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Iran’s new oil minister seeks $40B to develop shared fields

Iran’s new oil minister seeks $40B to develop shared fields

Oil min: no foreign know-how needed to develop shared fields; Iran lags Qatar on giant South Pars gas reservoir

August 6, 2011 2:38 by



Iran will need some $40 billion this year to spur the development of oil and gas fields it shares with neighbouring countries, Oil Minister Rostam Qasemi said in his first interview since being appointed to the post, published on Saturday.

Qasemi, a Revolutionary Guards commander, was given a vote of confidence in parliament on Wednesday, vowing to prioritise jointly owned fields, notably the giant South Pars gas reservoir in the Gulf where Qatar has leapt ahead of Iran in developing the valuable resource they share.

“In order to launch the announced development plans (on the joint fields) there is need for more than $40 billion in investment in the current (Iranian) year (ending late March 2012),” Qasemi said in an interview with Iran, a state-owned daily newspaper.

Qasemi, who formally began his new job on Saturday, joined the government after heading Khatam al-Anbia, the Revolutionary Guards’ construction and engineering company, which has become increasingly active in Iran’s energy sector, stepping in to replace foreign companies that pulled out due to sanctions.

While Iran might seek foreign capital to finance energy projects, it did not need foreign know-how, he said.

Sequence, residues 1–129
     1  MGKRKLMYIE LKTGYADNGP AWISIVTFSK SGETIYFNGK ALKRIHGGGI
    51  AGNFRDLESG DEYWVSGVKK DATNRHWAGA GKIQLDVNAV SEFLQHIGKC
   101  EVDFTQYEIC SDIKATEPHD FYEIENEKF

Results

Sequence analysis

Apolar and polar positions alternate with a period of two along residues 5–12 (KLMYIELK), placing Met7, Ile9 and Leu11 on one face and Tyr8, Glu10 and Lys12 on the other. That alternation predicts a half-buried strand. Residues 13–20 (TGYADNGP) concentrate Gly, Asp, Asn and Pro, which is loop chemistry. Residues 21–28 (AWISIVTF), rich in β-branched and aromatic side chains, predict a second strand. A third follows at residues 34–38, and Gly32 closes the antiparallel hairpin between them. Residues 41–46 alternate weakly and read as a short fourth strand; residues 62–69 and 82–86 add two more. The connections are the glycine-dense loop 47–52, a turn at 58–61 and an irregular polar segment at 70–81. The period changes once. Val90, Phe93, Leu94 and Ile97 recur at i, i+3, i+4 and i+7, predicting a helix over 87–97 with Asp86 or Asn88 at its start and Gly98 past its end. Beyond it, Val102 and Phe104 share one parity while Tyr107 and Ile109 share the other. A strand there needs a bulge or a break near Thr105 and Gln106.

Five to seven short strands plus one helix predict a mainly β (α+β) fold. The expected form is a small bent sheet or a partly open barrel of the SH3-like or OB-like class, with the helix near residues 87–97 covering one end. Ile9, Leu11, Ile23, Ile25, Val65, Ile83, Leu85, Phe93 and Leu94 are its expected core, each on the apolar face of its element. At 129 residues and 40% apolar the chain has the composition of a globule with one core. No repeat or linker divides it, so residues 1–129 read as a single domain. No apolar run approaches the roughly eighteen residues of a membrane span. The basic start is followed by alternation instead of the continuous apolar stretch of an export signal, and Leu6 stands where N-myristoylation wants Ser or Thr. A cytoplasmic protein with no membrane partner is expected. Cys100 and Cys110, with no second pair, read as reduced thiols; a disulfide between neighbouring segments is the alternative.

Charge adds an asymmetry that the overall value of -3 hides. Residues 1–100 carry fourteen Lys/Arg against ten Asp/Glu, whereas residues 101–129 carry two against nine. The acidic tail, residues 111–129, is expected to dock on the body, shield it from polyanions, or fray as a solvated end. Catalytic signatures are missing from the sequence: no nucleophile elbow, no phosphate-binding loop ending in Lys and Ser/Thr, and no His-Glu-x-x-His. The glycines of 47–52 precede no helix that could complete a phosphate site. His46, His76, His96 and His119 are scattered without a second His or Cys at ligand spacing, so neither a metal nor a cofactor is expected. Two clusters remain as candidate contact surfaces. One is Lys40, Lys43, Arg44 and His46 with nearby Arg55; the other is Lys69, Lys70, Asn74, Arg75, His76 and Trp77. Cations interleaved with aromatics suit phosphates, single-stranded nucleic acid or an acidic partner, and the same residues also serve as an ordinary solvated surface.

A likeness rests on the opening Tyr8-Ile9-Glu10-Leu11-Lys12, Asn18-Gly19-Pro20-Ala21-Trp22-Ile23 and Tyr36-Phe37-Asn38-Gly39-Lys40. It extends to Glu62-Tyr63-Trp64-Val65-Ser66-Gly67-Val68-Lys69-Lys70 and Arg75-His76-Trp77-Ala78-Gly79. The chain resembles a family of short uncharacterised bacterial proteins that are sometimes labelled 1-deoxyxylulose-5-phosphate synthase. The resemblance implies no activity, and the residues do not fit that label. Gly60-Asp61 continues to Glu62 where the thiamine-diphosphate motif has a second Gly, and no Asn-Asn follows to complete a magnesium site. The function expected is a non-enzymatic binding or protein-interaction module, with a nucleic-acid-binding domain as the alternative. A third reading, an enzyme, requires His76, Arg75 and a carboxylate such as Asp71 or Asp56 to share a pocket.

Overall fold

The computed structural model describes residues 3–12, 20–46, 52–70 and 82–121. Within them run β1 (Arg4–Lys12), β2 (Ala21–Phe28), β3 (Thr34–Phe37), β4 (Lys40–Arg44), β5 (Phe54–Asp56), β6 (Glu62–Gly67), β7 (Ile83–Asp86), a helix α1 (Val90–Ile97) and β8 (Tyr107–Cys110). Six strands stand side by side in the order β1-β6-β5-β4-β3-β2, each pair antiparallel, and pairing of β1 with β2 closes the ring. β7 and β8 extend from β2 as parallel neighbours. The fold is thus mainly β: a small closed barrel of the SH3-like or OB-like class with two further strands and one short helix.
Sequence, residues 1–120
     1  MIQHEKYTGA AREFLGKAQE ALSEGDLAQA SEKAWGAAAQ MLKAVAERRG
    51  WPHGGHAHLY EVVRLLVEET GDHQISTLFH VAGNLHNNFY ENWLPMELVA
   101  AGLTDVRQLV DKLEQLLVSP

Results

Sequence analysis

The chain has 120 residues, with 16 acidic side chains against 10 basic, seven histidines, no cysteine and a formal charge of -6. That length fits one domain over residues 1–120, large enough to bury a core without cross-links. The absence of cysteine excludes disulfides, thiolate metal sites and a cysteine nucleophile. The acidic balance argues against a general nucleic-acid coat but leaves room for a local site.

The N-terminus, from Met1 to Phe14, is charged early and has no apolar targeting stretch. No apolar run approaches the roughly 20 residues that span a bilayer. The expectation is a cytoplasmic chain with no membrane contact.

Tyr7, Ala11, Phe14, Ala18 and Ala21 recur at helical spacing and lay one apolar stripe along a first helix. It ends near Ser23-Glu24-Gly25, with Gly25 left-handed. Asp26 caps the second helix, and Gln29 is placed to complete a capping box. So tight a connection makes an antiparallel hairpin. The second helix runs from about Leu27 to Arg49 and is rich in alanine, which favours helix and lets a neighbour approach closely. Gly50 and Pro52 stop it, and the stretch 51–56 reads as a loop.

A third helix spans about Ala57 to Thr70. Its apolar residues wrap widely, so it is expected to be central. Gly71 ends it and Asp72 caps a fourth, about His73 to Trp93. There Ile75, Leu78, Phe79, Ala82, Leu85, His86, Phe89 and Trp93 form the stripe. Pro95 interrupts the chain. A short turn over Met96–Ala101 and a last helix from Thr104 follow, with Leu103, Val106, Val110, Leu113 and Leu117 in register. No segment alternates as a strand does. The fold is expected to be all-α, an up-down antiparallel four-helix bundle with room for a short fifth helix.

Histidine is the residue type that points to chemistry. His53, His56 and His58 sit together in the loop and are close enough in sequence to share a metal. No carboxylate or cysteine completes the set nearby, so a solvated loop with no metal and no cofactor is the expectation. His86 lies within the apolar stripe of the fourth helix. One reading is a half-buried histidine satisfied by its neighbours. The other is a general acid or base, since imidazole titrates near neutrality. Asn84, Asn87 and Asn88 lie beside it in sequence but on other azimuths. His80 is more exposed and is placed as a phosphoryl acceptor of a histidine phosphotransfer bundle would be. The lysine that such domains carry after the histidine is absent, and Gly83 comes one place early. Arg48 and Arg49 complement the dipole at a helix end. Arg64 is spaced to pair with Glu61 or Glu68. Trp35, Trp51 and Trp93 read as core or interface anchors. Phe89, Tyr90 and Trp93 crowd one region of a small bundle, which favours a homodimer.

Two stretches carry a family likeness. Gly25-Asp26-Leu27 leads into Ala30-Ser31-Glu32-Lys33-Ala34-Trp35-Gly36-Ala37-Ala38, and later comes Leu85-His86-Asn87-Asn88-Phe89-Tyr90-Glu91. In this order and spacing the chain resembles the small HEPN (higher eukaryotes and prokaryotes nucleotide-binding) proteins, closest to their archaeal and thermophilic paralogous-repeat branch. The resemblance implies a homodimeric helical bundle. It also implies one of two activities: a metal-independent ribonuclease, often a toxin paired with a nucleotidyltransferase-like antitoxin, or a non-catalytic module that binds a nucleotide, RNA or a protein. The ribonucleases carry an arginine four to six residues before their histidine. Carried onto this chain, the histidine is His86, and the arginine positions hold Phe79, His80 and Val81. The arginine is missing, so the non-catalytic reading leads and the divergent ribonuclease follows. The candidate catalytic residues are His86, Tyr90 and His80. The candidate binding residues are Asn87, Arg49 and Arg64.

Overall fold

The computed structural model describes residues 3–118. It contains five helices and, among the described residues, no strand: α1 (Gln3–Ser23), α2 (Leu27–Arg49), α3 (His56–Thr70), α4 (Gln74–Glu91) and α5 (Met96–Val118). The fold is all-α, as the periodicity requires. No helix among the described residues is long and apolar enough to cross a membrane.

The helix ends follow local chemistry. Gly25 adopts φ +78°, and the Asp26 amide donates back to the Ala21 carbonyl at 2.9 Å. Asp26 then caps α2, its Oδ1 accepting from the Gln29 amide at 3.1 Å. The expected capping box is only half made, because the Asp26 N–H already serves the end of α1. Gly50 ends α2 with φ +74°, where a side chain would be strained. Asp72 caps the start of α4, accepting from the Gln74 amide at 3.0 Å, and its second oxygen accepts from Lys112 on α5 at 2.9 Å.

“There are currently very competent contractors domestically on which we can rely for the development of oil and gas can be done … For the development of oil and gas fields we don’t need foreign contractors.”

One of those domestic companies is Khatam al-Anbia itself, which took over parts of the South Parsdevelopment when European firms Royal Dutch Shell and Total SA pulled out due to sanctions on Iran.

Both Khatam al-Anbia and Qasemi himself are under U.S. and European Union sanctions due to Western concerns about Iran’s nuclear programme which many countries fear is aimed at developing nuclear weapons, something Tehran denies.

Qasemi said Iran would seek foreign capital, in the form of bonds, for the energy projects, as well as tapping the government’s general budget, Iranian banks and domestic bonds.

“There will be a great volume of various bonds issued during the current year,” he said referring to them as the “oil projects’ sure financial resource.”

“We will be pursuing an active diplomacy to absorb foreign capital as they form part of the required financial resources for the projects to be developed,” Qasemi said.

Qasemi’s figure of $40 billion for the development of shared fields is in line with the amount his predecessor, Massoud Mirkazemi, said was needed every year for the entire oil and gas sector. Mirkazemi said Iran must invest $200 billion in the period 2010-15. (Writing by Hashem Kalantari; Editing by Susan Fenton)



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